Monday, July 15, 2024

Top 5 This Week

Related Posts

Review – The Woman In Black At The Liverpool Playhouse

ARTHUR Kipps doesn’t want to make a performance, he just needs his story to be told, and Stephen Mallatratt’s dramatization of Susan Hill’s gothic horror novel is classic storytelling of the sort that traditionally takes place by the flickering light of a winter fireside.

The play first appeared in 1987, and this touring production has been doing the rounds since 1989. Testament to its theatricality is shown in that over 7 million people have seen it and it’s still packing houses.

Kipps has engaged an actor to help him exorcise the phantoms of his past by reciting his tale, and the play begins with Kipps tentatively reading the opening lines in an empty theatre. The story unfolds with a very measured tread in the dark, dusty surroundings, and the slowness of the initial development lulls us into a sense of security, building the air of tension and foreboding gradually. There are a good few shocks of the “bump in the night” variety that propel the more nervous viewers from their seats, but it is in the creeping sense of dread that the real horror lies.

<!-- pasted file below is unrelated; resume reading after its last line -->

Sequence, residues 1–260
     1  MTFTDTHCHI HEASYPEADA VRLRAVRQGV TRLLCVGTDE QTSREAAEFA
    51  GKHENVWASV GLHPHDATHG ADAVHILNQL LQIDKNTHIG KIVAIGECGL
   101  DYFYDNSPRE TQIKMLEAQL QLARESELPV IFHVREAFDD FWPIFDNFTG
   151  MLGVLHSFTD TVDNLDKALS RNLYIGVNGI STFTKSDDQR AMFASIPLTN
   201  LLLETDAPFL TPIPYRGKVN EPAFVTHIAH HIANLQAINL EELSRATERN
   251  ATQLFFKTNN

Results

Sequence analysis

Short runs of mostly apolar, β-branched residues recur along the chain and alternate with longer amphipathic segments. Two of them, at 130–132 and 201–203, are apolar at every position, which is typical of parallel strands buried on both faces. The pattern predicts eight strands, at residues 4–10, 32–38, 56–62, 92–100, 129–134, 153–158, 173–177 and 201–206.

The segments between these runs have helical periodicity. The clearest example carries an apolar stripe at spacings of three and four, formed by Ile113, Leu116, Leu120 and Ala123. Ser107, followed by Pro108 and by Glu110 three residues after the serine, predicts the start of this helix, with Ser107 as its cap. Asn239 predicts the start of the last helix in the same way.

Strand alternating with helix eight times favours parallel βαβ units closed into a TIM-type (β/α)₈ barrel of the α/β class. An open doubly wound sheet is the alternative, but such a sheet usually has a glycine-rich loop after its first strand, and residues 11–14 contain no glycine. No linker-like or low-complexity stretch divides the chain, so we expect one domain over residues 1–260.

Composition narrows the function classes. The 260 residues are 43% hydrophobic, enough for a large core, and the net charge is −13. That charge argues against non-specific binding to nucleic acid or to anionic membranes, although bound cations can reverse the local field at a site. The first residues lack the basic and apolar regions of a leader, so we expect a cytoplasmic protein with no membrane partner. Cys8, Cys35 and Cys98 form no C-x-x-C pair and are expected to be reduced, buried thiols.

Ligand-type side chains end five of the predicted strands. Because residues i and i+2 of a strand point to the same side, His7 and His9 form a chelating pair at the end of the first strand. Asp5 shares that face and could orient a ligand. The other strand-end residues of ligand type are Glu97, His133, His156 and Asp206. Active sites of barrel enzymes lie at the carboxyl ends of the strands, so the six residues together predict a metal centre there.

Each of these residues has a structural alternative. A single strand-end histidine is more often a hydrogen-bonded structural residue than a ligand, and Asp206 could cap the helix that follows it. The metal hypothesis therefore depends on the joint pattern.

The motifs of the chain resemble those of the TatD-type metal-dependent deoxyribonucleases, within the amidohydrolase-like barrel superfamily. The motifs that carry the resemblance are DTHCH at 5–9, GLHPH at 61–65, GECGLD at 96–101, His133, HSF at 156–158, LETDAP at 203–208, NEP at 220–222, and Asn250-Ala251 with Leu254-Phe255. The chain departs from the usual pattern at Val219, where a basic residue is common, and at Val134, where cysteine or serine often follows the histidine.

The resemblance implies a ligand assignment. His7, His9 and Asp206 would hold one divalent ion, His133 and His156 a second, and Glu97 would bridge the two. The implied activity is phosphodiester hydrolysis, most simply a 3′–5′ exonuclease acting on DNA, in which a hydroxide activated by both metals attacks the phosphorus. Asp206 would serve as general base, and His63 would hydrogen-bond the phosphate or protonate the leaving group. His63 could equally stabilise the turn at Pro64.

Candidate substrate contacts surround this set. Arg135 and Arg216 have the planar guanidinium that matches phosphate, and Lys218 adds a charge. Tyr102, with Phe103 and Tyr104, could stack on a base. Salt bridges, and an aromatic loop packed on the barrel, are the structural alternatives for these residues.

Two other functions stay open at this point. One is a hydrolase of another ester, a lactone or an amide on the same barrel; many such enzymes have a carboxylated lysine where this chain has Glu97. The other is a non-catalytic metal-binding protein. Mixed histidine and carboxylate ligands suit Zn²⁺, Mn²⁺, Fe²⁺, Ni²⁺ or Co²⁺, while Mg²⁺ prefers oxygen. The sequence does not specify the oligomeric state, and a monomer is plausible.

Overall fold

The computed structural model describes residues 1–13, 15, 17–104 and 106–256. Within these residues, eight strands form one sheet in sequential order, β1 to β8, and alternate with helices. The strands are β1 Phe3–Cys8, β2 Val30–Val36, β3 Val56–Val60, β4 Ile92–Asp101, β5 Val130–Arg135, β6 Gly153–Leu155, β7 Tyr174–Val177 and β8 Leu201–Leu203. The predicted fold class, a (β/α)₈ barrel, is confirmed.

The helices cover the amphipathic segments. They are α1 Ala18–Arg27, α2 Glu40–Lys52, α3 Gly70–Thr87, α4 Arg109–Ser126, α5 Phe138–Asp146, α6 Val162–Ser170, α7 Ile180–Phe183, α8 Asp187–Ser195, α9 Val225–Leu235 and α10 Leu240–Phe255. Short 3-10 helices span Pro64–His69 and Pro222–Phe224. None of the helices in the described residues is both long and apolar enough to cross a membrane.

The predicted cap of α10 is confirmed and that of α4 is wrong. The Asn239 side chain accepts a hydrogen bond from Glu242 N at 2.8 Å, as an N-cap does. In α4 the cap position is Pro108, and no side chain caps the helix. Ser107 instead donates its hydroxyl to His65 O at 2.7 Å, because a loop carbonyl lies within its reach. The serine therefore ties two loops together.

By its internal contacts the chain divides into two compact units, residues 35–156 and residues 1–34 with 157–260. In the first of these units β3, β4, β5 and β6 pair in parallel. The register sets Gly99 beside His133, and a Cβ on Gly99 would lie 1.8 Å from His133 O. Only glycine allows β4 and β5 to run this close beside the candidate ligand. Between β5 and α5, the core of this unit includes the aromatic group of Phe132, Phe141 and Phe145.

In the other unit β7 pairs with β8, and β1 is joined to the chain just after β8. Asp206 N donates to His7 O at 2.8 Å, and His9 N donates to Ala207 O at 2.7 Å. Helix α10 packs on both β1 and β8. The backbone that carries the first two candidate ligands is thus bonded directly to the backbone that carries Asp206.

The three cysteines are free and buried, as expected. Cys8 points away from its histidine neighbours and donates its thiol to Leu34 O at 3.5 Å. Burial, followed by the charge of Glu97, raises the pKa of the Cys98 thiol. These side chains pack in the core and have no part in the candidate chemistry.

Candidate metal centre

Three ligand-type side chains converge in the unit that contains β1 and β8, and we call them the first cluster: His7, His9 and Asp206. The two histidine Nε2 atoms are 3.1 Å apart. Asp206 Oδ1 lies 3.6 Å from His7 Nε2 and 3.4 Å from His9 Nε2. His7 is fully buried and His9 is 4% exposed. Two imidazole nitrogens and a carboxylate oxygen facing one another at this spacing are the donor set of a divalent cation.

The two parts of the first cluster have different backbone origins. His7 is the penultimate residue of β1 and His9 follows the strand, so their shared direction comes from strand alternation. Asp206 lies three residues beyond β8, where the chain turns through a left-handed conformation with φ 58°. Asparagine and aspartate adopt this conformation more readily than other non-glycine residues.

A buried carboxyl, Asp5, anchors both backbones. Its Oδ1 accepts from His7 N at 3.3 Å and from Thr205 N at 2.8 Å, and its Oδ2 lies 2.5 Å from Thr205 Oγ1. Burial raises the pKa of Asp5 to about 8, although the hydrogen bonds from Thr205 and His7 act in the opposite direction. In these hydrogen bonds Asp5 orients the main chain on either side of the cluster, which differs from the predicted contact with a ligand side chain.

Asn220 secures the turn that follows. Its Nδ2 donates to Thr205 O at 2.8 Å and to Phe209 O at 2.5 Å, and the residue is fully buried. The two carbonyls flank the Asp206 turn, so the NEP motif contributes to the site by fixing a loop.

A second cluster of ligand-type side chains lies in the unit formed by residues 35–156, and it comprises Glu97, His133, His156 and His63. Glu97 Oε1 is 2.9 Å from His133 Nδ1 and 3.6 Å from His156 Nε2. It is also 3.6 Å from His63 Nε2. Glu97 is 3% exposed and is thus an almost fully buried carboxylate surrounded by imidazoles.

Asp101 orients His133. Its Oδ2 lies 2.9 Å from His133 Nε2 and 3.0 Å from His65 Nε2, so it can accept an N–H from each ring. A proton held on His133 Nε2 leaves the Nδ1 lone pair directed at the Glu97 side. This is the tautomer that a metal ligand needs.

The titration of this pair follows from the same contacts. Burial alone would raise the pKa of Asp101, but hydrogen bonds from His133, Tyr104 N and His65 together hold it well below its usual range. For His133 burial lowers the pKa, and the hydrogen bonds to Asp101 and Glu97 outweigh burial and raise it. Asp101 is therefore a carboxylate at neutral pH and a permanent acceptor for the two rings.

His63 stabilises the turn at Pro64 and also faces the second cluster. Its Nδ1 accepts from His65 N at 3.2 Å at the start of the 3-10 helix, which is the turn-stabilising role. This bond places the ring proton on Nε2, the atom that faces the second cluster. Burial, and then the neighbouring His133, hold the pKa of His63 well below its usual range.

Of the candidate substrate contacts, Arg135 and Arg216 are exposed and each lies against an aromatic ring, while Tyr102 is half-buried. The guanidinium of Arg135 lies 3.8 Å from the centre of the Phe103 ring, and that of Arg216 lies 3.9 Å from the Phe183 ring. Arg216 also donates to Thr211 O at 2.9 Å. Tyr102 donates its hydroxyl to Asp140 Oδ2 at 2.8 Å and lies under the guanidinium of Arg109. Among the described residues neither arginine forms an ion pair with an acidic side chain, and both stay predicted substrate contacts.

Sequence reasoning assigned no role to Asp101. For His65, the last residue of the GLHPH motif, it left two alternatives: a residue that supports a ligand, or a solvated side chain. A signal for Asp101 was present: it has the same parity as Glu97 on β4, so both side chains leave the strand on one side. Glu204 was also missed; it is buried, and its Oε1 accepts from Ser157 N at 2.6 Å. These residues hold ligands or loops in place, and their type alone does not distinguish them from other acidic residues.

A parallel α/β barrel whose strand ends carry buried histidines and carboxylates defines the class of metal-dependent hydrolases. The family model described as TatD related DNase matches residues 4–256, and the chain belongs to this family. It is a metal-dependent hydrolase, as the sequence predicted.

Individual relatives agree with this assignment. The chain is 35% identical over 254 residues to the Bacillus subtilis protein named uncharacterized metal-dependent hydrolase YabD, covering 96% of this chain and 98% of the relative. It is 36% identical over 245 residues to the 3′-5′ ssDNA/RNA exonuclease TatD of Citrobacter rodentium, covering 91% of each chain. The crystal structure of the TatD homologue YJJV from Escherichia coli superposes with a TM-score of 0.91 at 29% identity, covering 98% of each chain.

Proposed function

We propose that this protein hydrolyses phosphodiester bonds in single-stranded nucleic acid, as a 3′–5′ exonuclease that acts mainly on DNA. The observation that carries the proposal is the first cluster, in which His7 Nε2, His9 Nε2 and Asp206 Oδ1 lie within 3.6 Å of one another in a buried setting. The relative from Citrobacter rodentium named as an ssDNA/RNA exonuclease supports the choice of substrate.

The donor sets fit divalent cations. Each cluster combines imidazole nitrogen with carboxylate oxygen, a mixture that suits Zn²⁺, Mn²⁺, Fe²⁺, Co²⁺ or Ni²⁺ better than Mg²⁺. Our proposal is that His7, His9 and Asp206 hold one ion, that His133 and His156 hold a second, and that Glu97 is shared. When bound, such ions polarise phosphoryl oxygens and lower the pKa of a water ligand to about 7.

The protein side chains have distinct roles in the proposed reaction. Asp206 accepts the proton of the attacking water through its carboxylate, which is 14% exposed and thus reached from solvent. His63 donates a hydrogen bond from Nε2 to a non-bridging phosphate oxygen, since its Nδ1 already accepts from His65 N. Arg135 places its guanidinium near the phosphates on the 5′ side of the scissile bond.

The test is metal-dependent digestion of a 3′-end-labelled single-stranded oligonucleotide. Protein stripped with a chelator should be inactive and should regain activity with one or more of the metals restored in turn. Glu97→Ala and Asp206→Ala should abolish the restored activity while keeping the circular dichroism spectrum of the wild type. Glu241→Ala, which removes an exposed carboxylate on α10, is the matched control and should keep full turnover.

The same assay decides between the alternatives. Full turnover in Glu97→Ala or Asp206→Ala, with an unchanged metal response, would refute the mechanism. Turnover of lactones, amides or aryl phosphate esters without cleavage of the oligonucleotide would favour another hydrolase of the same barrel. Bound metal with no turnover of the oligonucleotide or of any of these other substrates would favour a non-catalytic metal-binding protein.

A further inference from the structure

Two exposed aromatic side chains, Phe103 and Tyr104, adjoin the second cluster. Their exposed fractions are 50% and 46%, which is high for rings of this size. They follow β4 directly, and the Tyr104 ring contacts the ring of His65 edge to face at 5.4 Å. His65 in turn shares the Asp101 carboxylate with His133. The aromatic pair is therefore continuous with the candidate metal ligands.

David Acton has a host of characters to portray along with his Arthur Kipps, and there is plenty of humour in his numerous reappearances in disguise. Matthew Spencer is The Actor, who directs the flow of the story, waving his arms like some Victorian conjurer as we move from scene to scene. It’s clear that there is much fun to be had in the two-handed performance, and the playfulness manages to convey itself without disarming the necessary sense of fear.

The simply designed set with atmospheric low-key lighting is occasionally consumed in heavy palls of mist, and the overall creepiness is completed by some excellent sound design.

This is a classic chiller of a piece that looks great on stage and is graced by a pair of crisply defined performances from Acton and Spencer. Perfect fare for the time of year, The Woman in Black is at the Playhouse until Saturday 12th November.

Review by Nigel Smith


Popular Articles